On Christian Education, “Yes” And “No,” Rt.-Rev. Martey

By Kwame Okoampa-Ahoofe, Jr., Ph.D.
Garden City, New York
 E-mail: okoampaahoofe@optimum.net

The greatest problem of the Mahama-led National Democratic Congress (NDC) government, when it comes to the development of formal education in Ghana, is the shady politics of numbers. Eager to maintain and entrench itself in the seat of power, the NDC appears to be more focused on the number of school buildings it erects, rather than the government’s ability to maintain these schools in a manner that sustains a qualitative level of education in the long term.

This must have been what he was alluding to when during the 14th General Assembly of the Presbyterian Church of Ghana (GA-PCG), the Rt.-Rev. Emmanuel Martey called on the government to hand over the physical plants/structures of some two-hundred senior high schools that it intends to complete in the lead-up to the 2016 general election to the management of the mainstream Christian churches (See “Handover Establishment of 200 SHS to Churches – Presby Moderator” Ghanaweb.com 8/18/14).

In the main, Prof. Martey aptly predicates his call on the fact that the Christian churches in Ghana are unrivalled in the establishment and development of literacy and modern culture in the country. What is more, mainstream Christian churches like the Presbyterian Church of Ghana, the Methodists, Roman Catholics, Anglicans and the Seventh-Day Adventists continue to dominate the field of education in the country.

Prof. Martey would, therefore, have the government focus on the creation of infrastructural facilities and pedagogical supplies while these frontline experts in education take control of curricular content and instruction. To the extent that such a process also allows for the participation of non-Christian religious institutions like the Ghana Muslim Council (GMC), the significance of such a proposal cannot be understimated. For while, indeed, Christians constitute the overwhelming majority of Ghanaian citizenry, nevertheless, Muslims and other non-Christian Ghanaians are a recognizable, if not a formidable, presence.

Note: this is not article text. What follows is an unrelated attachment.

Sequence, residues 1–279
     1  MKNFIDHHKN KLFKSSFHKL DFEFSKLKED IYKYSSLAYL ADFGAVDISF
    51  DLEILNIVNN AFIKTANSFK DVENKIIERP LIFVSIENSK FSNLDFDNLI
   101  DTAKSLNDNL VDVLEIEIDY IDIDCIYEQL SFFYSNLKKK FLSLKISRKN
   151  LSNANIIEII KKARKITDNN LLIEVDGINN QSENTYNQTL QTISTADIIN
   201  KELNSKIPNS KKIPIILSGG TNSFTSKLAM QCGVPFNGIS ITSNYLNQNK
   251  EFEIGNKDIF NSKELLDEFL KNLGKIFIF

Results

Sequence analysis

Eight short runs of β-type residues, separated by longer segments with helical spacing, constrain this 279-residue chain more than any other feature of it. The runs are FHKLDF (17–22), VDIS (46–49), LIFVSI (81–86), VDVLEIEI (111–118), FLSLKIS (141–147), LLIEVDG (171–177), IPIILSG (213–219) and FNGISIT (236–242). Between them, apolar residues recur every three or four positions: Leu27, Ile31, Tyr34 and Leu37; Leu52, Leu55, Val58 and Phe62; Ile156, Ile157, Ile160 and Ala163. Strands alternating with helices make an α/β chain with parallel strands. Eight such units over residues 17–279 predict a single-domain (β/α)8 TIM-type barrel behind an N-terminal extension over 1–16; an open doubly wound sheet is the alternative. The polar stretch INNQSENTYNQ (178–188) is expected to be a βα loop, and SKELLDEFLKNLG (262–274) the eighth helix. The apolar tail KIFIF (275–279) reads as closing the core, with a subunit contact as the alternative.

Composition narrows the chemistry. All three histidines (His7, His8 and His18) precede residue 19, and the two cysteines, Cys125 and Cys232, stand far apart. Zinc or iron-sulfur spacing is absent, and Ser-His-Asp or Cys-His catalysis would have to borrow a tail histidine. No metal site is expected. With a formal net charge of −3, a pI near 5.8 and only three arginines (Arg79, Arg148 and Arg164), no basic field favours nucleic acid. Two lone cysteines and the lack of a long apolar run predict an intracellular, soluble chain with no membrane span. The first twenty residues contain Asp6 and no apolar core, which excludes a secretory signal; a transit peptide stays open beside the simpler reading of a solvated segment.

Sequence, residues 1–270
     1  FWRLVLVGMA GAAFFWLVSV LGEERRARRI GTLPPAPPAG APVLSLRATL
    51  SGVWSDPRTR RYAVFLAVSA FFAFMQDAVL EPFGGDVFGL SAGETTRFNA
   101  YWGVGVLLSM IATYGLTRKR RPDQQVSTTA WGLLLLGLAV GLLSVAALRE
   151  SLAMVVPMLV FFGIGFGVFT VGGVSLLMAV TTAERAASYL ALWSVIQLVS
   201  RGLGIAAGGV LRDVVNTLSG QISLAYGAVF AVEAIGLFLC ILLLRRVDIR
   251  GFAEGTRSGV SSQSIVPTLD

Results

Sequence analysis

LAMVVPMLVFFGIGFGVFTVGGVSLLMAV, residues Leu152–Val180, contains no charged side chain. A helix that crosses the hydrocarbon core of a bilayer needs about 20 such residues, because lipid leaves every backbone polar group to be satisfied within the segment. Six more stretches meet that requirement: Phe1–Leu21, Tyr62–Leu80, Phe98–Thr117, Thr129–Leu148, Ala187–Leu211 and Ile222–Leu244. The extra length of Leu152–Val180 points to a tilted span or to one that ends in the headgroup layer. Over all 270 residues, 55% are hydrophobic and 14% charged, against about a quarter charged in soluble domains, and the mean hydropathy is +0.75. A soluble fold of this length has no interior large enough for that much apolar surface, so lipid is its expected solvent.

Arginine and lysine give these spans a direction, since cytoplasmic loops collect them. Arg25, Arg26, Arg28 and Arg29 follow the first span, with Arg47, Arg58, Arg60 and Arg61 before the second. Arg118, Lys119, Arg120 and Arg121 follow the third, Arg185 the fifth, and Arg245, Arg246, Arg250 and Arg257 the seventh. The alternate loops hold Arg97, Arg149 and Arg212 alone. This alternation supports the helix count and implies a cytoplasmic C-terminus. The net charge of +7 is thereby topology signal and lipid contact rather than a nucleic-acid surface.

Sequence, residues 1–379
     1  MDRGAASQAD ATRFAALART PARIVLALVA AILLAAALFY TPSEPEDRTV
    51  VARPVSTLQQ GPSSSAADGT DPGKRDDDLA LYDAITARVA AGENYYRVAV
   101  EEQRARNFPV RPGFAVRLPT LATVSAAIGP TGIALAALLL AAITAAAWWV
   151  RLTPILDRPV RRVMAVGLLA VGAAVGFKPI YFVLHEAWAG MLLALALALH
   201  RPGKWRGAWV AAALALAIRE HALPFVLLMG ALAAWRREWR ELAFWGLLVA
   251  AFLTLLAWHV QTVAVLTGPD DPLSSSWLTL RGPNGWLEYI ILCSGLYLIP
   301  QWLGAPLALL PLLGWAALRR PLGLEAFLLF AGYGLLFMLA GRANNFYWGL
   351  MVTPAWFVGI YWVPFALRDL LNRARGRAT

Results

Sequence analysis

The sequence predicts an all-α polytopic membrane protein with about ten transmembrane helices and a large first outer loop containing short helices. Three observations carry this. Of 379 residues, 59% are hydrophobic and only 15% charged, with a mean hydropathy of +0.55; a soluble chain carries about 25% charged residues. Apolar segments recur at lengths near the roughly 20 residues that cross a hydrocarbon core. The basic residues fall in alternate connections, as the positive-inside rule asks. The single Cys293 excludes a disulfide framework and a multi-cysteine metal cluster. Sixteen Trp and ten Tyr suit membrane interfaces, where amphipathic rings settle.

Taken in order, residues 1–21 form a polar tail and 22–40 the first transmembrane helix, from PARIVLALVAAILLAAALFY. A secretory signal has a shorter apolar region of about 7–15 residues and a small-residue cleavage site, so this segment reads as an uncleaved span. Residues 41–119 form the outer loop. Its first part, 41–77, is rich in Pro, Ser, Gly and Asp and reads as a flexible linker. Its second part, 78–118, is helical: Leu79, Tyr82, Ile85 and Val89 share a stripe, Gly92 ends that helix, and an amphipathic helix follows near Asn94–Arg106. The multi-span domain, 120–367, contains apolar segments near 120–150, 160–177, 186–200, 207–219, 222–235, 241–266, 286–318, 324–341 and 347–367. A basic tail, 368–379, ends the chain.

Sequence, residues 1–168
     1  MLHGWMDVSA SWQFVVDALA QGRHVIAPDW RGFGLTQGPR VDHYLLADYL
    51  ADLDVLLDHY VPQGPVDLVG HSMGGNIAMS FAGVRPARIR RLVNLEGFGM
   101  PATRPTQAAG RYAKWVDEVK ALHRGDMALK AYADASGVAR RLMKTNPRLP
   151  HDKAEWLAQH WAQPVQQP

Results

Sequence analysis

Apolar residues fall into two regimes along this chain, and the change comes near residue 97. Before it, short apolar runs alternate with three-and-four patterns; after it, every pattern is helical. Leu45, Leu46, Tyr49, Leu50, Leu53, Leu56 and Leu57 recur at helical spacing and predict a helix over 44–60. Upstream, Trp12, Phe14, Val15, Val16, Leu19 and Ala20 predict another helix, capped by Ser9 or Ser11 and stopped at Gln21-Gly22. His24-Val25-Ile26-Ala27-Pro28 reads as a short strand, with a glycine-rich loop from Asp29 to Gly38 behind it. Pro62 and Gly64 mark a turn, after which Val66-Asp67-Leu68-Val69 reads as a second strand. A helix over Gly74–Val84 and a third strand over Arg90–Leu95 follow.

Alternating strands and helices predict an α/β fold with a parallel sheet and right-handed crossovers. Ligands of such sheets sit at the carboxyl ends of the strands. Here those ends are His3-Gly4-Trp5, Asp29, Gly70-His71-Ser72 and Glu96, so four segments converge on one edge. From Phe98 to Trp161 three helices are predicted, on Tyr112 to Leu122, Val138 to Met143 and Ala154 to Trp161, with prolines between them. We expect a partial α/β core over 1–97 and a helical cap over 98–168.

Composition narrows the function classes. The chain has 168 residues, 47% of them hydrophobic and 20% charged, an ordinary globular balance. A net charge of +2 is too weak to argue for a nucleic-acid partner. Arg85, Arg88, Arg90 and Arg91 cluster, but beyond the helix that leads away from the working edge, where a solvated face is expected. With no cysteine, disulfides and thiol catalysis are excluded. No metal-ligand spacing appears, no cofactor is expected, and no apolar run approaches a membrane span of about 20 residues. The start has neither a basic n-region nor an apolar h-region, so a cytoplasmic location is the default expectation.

Another area of our national life that ought to be equally respected and taken into account regards citizens who do not belong to any of the so-called Great Religions, namely, Christianity, Judaism and Islam. And by the latter, of course, I am referring to the so-called Animists or practitioners of Traditional African Religions. And then, of course, there is also that gray theological and/or ideological area composed of Atheists and Non-Denominational Deists and those too protean in ideological suasion to be readily categorized.

In other words, what I am driving at is the fact that as a modern democracy, Ghana is also secular politically, which means that the central government is mandated to cater to the intellectual and cultural needs of those of its citizens who fall outside the purview of the Great Religions. This is not, in anyway, whatsoever, to suggest that since time immemorial non-Christian Ghanaian citizens have not taken full advatage of Christian-sponsored and administered education in the country. At any rate, I am also thinking about such Eastern religions as Hinduism, Buddhism and Shintoism, among a plethora of others.

Which, in essence, simply means that the government has a bounden obligation to maintain a remarkable presence in the field of education, so as to protect the interests and integrity of the ideological and non-religious minority. In Ghana, traditionally, it has been the Local Councils or Local Authorities that have played this vital role of religious and academic neutrality. Of course, those of us who had the privilege to also attend local authority-sponsored schools can credibly testify to the fact of these theoretically non-denominational schools having been heavily influenced by Christianity. And the obvious reason was because most professionally trained Ghanaian educators are also Christian-trained and oriented.

What we really need are institutions founded and operated on ecumenical communalism, modelled after our tertiary academies, where a multiplicity of ideas, talents and skills are democratically allowed to bloom with the minimum of salutary and constructive limitations. In this kind of cultural milieu, emphasis is placed on shared values and the proverbial Protestant Ethic(s) of hardwork, discipline, altruism, frugality and sacrifice. In our day, age and time, it is altruism and sacrifice that may be envisaged to be sorely lacking and in dire need of reinfusion into our body politic.

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